NEW ULM — New Ulm's first crisis nursery and homeless shelter opened within months of each other in 2016 and 2017.
Although the Southern Minnesota Crisis Nursery and NUMAS Haus homeless shelter aren’t affiliated with each other, they both fill gaps for families in crisis.
Among the other characteristics they have in common? How busy they’ve been since opening their doors.
The two organizations provide different, but at times complementing, services. A crisis nursery provides short-term — 24 to 72 hours — child care for children up to age 12 when a parent needs it. Reasons for an intake range from an unexpected medical appointment to a domestic violence incident.
NUMAS Haus can house children as well, but only along with their parent or parents. It’s also a longer-term option, allowing clients to stay up to 90 days while helping them find permanent housing.
The shelter has had a waitlist for months while three families at a time stay there. The crisis nursery began in July and has since provided about 200 care days to 43 children, most of them coming in the most recent months.
Crisis nursery Director Evan Curtin said intakes have gone up month over month as more families find out about the service.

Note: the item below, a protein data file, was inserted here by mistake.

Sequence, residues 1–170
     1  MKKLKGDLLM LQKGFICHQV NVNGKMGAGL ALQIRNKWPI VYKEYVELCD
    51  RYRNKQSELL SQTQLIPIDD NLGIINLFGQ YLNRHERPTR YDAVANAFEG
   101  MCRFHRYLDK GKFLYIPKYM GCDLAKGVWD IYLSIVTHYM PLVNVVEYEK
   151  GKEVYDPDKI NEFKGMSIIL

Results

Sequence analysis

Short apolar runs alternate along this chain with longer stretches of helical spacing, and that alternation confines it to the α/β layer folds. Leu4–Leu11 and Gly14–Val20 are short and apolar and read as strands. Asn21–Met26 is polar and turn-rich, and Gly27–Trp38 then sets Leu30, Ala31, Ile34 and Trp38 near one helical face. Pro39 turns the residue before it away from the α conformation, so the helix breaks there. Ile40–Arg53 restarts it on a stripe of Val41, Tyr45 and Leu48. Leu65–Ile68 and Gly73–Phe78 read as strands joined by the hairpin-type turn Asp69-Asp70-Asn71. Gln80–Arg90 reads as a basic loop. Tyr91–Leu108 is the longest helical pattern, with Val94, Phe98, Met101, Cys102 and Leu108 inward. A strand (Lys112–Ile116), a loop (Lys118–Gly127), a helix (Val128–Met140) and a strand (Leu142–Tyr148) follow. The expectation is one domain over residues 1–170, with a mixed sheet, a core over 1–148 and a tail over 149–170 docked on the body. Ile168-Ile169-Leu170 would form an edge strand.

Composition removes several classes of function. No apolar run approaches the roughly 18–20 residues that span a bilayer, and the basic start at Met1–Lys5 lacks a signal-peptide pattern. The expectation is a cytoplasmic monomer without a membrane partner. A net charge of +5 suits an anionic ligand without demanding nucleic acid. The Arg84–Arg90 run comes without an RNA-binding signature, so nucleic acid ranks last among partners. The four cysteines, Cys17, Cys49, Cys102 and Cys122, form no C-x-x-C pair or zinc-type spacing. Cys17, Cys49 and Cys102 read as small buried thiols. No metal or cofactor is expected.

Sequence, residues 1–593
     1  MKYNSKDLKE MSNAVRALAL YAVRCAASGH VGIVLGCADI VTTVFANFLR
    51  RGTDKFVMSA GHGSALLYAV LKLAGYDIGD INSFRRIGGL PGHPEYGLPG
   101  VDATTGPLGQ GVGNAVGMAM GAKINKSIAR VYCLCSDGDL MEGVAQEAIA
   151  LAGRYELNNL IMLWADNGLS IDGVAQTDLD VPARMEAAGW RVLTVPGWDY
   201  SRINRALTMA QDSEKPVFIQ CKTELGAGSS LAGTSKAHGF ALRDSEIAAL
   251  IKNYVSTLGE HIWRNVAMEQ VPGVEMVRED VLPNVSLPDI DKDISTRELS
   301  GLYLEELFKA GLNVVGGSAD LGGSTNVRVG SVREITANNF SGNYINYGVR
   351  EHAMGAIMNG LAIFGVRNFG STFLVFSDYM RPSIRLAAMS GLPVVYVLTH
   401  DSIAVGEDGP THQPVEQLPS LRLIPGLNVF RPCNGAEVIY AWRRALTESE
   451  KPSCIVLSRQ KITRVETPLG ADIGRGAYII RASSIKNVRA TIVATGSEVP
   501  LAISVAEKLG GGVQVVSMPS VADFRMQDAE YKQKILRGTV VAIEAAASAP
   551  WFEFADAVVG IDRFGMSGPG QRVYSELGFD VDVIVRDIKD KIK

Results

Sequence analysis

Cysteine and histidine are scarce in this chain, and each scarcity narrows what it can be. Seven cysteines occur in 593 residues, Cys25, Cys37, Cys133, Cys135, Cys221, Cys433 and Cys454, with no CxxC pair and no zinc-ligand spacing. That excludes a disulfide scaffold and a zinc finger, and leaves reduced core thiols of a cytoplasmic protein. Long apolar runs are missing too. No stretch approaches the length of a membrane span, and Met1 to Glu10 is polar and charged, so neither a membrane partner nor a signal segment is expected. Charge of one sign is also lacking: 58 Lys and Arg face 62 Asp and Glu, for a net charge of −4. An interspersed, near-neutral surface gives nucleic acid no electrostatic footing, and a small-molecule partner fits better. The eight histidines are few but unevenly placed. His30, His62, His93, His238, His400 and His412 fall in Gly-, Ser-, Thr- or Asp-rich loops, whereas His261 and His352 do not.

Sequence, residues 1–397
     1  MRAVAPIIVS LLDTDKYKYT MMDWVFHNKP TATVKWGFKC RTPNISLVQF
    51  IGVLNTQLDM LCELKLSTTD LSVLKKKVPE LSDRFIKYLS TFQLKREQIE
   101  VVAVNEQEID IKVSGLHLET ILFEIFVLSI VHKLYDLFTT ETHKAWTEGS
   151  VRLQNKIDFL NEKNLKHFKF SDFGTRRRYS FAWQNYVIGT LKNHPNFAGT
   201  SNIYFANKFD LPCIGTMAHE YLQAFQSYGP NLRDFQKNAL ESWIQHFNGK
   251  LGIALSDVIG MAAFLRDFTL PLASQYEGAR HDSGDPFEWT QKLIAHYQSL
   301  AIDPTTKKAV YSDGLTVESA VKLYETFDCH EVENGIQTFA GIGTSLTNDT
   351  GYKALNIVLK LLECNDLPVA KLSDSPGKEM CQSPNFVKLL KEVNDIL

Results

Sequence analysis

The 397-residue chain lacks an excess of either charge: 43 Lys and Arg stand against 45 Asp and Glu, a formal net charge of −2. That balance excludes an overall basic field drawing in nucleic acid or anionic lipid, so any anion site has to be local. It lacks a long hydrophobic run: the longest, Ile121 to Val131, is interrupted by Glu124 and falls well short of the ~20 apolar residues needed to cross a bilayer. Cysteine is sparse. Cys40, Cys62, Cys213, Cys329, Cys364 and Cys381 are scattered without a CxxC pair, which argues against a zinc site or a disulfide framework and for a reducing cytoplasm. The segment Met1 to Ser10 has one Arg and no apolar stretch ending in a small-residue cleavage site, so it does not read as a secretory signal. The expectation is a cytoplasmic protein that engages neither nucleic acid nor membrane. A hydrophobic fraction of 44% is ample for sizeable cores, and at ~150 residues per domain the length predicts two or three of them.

“It’s a unique service,” he said. “Our shelter based model where we take kids into our care, the only other place that has it in the state is Minneapolis.”
Recognizing the scarcity of its services, the crisis nursery has no geographical restrictions. Curtin said about half of all intakes come from the New Ulm area, with the rest coming from places like rural southern Minnesota and Mankato.
Amber Collins, board member for the nursery, said the usage they’ve seen came faster than the board initially expected.
“As a board we predicted it would take about six months to be utilized regularly, and to be honest we’re already there and it took two months,” she said.
Referrals can come through word of mouth, county human services or the NUMAS Haus. Karla Diehn, NUMAS Haus shelter coordinator, said referrals like these regularly happen.
“It’s nice to have that option so that I can let them know about it so they can bring their kids there when they can search for housing,” she said.
And the crisis nursery returns the favor to NUMAS Haus by referring them there when they encounter parents in need of housing. The partnership helps shield children from toxic, stressful situations, Curtin said, which can improve developmental outcomes.
Both resources have been largely funded by community donations so far. They’ll both start seeking grants soon, but donations and volunteers will continue to be in high demand. Even more so if intakes remain as high as they’ve been in recent months.
Diehn said the church community, which came up with the shelter idea, knew there was enough of a homeless issue in New Ulm to warrant the NUMAS Haus. A persistent wait list is making it even more evident to the rest of the community.
“It’s opened a lot of people’s eyes because more of them didn’t realize it was an issue,” she said.